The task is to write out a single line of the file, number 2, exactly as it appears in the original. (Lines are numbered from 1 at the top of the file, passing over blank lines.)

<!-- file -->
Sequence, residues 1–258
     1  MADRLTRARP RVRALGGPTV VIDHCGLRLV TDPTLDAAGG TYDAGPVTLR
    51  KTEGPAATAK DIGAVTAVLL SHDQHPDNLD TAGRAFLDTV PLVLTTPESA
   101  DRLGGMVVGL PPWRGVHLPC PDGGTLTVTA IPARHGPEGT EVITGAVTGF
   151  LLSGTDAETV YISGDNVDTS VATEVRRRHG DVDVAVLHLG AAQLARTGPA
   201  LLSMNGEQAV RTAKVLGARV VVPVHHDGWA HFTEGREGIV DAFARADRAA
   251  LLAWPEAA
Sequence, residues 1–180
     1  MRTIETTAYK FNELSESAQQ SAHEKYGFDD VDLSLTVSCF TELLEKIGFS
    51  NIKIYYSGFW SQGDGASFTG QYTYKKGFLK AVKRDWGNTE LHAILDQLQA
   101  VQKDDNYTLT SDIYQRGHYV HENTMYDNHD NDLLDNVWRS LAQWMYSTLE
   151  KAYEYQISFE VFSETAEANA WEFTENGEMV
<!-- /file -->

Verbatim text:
     1  MADRLTRARP RVRALGGPTV VIDHCGLRLV TDPTLDAAGG TYDAGPVTLR